After trying to play multiplayer Minecraft, Terraria, and Starbound with my sons on their aging computers, I decided new machines were in order. I had a very strict budget, so I set out to get the most performance I could get for around $500 including the OS. The boys are 7 and 8, so the games they play would run perfect on 720p resolutions. I was pleasantly surprised by the performance I was able to get with this build. Of course they wanted machines like mine which runs at 5760x1080 on three 23" IPS LED panels, but that wasn't in the cards for my dudes. Let's break this build down!
Processor: For a $59.99 quad-core, I can't complain much. I know people will say it isn't the best processor for gaming, but for what they play, it's plenty fast!
CPU Cooler: This tiny beast is the lil' bro to my EVO 212. It keeps this hot headed CPU at about 28-30°C on idle. I haven't really pushed it with very demanding games to see how hot it gets yet. Club Penguin just isn't that demanding folks! The hottest I have seen so far is 37°C while playing the games listed at the top.
Motherboard: This is where I slipped up! When I was checking out boards, I forgot to click the option for onboard USB 3 header! SO, I ended up with this board. The layout on it is nice, high speed RAM and SATA 3Gbps & 6Gbps. I should have went with the MSI 760GMA-P34(FX)!
Memory: For budget purposes, I split the RAM between the two machines. I will add another kit later. I liked the low clearance of this RAM, as that allowed it to fit perfectly below the CPU cooler.
Storage: I wanted the machines to have dual drives for quick boot time with the SSD and a quality HDD for their Steam catalogs.
Video Card: I wanted something that didn't require much power and could push the games they play very, very well. This little baby does the trick! I believe there are two different models of this card though. The one I have selected through this site, is not the one I purchased. The one I purchased has the model#11216-00-20G. The card listed on this site has model#100369-2GL. I searched on the web and the difference seems to be in the PCIe. The 2GL says PCIe Gen 3, while the 20G says PCIex16 Gen 3. These cards also have a price difference of about $30.
Case: I love this case! It has a ton of room inside to make a really powerful single card rig. Of course for my purpose it was more than adequate. But if you want a micro ATX case you can go wild with, this is your beast. It can handle a ton of fans, large CPU Coolers, water cooling, long graphics cards, and a lot of drives! I also liked the look of the case and how sturdy it feels.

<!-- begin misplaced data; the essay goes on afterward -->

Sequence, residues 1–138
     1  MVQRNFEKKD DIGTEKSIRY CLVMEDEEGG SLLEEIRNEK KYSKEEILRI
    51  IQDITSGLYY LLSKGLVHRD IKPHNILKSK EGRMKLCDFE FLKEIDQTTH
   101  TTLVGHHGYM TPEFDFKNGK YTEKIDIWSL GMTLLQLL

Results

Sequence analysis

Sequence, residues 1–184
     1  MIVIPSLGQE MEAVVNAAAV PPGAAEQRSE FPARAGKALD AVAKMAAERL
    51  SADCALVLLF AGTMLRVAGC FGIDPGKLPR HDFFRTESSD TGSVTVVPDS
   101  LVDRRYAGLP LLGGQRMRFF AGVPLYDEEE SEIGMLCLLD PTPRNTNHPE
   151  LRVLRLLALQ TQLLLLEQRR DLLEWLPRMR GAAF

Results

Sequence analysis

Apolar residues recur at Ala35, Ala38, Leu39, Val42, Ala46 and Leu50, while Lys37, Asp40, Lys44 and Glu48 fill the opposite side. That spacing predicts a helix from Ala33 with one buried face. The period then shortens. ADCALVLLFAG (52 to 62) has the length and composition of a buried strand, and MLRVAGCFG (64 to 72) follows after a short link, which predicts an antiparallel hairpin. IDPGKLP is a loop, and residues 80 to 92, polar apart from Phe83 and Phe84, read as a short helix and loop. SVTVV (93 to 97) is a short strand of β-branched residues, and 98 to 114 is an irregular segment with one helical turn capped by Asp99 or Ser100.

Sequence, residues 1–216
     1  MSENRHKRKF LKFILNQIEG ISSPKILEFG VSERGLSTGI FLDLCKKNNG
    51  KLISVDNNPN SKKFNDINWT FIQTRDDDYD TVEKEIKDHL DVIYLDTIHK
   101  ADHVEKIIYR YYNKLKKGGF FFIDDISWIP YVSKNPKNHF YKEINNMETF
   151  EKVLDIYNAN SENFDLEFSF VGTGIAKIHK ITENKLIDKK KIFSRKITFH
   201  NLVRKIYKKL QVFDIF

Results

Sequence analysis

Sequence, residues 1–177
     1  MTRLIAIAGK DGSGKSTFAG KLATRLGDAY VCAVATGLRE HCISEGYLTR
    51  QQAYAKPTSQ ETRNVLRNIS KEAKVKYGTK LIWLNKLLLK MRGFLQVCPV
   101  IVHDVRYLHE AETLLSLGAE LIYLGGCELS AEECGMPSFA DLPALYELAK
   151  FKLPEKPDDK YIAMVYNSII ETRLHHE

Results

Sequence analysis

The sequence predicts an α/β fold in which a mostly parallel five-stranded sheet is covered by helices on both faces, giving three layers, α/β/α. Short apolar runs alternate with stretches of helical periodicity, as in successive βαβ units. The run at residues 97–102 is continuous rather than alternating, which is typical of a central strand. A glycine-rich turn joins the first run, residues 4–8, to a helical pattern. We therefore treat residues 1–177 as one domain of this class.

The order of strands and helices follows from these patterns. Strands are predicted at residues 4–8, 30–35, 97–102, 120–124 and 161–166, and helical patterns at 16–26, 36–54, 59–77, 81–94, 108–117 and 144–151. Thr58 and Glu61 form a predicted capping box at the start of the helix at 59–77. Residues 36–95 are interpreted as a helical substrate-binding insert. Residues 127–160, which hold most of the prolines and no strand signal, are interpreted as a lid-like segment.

Case fans: The case came with two preinstalled 120mm fans to which I added a blue fan to one and a green fan to the other. The boys loved that I made their machines their favorite colors.
Power supply: Nothing too exciting about the power supply. I wanted a modular one since I wasn't installing to many things in the case and didn't want a nest of unused wires laying around! I like the reputation of Corsair, so I got this one. It will also have plenty of headroom for a graphics card upgrade in the future if that is needed.
Well, that's the build! Nothing too fancy, just some nice, clean little machines for my boys. I already had a few LCD monitors, keyboards and mice, so that saved me quite a bit on the builds. I don't own any benchmarking software, so I can't tell you what it scores. Minecraft at the settings pictured above ran at 174-180FPS. If I max out all of the sliders, it runs at 65FPS. Path of Exile runs at 180FPS. I don't know what Terraria and Starbound run at, but they don't lag at all! These numbers are running on a 19" Samsung SyncMaster at 1280x1024. At 1080P these numbers would decrease I am sure.
Let me know what you guys think!
5-20-14: Added Steelseries Diablo 3 mouse to help kids play D3, POE and Marvel Heroes much easier! This is a great mouse and the price was too good to pass on. I got one for $25. 99 and the other for $5.99 after using rebates from PSU and case.